Review: I Was Told To Come Alone: My Journey Behind the Lines of Jihad

I Was Told To Come Alone: My Journey Behind the Lines of Jihad
I Was Told To Come Alone: My Journey Behind the Lines of Jihad by Souad Mekhennet

My rating: 5 of 5 stars

This is a work filled with answers, and yet it asks even more questions. There is much to digest here, but we would all do well to try.

The world is not facing a clash of civilizations or cultures, but a clash between those who want to build bridges and those who would rather see the world in polarities, who are working hard to spread hatred and divide us.

I can’t help but draw comparisons between the current ISIS question and times past: the Romans, the Ottomans, the Spanish Inquisition, and the Europeans and their disregard for their own people, let alone for those whom they treated as cattle in the horrendous slave trade. This is not the first time ideology and personal gain have threatened the rest of the known world, although, sadly, it may be the last.

The rise of groups such as Al Qaeda and ISIS is not the problem of any one specific country or group. it is the result of many mistakes.

The incredible scope of this book, no doubt worthy of an entire degree in Political Science or Anthropology, brings together Mekhennet’s extensive first-hand experience and research and asks hard questions of all of us.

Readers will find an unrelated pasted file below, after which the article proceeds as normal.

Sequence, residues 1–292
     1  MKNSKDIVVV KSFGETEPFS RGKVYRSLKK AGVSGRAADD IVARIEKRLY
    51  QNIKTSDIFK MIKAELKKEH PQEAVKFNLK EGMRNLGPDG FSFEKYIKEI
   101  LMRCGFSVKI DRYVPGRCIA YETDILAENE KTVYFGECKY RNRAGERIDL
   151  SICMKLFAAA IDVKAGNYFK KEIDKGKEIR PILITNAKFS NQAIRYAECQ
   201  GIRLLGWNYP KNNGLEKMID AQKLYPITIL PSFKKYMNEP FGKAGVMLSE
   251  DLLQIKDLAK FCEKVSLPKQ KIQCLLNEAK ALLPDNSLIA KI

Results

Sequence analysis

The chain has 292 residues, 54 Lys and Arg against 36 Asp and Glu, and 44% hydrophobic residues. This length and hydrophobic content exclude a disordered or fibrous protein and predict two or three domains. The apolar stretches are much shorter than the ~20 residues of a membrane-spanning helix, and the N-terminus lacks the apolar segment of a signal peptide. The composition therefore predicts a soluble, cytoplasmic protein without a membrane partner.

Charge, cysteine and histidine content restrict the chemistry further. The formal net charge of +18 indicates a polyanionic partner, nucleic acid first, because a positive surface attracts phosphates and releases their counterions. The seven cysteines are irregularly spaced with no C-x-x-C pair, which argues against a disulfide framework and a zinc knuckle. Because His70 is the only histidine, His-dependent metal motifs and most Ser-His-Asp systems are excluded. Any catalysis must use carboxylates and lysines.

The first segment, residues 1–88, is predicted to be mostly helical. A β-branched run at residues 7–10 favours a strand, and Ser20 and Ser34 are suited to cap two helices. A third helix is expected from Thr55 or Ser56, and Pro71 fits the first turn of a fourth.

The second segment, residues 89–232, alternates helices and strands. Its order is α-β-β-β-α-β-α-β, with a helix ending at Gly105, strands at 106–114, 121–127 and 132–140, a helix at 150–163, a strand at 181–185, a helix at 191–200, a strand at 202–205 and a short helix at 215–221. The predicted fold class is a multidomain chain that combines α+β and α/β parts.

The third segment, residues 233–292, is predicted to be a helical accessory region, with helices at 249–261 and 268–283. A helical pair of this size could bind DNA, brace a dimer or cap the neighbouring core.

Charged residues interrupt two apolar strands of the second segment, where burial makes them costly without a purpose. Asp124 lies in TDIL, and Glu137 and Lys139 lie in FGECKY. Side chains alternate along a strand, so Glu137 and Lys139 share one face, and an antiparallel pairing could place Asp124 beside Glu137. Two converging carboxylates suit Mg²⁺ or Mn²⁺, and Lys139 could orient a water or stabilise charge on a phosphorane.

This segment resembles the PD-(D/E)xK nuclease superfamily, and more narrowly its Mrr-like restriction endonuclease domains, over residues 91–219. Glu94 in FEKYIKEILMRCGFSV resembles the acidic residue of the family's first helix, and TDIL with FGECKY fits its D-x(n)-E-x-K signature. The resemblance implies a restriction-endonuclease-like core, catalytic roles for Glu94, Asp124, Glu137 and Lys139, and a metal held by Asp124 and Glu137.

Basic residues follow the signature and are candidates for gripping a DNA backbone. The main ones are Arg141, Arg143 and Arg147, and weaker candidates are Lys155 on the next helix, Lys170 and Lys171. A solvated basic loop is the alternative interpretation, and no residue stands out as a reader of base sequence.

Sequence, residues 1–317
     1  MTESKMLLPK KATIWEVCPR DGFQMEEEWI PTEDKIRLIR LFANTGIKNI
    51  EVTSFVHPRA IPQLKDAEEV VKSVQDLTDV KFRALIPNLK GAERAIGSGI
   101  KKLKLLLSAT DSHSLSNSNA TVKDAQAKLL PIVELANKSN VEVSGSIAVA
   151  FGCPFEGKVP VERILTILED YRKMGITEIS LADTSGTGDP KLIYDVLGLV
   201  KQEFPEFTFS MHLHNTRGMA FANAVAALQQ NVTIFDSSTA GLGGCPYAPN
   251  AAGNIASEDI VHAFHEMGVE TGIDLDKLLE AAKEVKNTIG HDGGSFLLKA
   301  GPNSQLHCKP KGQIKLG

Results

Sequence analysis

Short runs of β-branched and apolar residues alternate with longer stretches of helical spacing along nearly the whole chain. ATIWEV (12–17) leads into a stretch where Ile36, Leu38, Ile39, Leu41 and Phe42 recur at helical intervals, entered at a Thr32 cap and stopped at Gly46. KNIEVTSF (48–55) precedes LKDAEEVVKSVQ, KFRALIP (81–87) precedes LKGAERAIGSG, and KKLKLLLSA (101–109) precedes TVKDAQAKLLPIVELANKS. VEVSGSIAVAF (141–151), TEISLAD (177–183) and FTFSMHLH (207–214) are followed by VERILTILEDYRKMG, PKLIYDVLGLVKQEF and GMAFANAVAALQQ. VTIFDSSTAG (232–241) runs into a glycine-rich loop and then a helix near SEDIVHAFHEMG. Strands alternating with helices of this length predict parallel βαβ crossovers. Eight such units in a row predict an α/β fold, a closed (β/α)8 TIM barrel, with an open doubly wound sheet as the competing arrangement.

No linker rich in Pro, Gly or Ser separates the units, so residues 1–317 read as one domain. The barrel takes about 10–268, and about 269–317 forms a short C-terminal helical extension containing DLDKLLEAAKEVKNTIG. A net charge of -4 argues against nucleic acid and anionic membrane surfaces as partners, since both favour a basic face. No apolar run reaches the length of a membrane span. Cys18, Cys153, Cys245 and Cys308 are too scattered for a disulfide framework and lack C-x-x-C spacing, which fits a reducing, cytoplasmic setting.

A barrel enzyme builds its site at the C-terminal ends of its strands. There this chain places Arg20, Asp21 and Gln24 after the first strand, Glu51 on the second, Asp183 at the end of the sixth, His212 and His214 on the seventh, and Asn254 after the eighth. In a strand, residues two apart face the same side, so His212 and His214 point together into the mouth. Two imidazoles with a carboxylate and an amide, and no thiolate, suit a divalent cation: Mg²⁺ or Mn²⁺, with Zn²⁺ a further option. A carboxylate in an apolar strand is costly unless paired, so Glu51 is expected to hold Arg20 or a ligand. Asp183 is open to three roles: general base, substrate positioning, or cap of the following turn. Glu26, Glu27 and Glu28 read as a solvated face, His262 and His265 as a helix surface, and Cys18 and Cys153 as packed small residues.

Is democracy what we really want, or do we instead seek to promote the values we hold dear: the equality of men and women, the rights of minorities to survive and thrive, the freedom to speak our minds and practice whatever faith we choose?

This is especially true when some, apparently, think “democracy means that the majority will win and has the right to rule over the minority, like in the west.” And how can we possibly disavow such thinkers of this notion? Do ‘all lives matter’ in the west? Do we treat all our citizens equally? Are we willing to perform jobs ‘beneath our station’ or are those jobs the domain of minorities?

As Mekhennet says of the 1932 democratic elections in Germany:

Why did people think a voting system was protection against totalitarianism?

Yet it is also a warm and personal story—I challenge anyone not cry or to feel at least a stab of gut-wrenching pain at the loss of at least one human life in this story, or not to feel the tension as this exceptional journalist is shipped off to an Egyptian prison.

And who can blame other nationalities for believing our papers to be ‘lying tabloids’ when we know ourselves their behaviours are questionable and questioned? As for our politicians and intelligence services, at one point, even with all the information Mekhennet unearths, even she struggles to ‘know whom to believe’.

So how can we, as armchair generals, possibly have a black and white opinion on what caused this, or how to solve this?

This is an outstanding piece of work and a comprehensive report on what ISIS is, how it came about, and why it attracts so many followers willing to die for a cause. And all the time, we come back to the burning question:

Why do they hate us so much?

And why do we keep fighting? If there are political experts in the west suggesting we stop retaliating each retaliation, and if ISIS can say “if the US hits us with flowers, we will hit them back with flowers” then why are we still fighting?

Read this, and you will be a step or two closer to understanding.

I received a copy of this book in exchange for my honest review

View all my reviews

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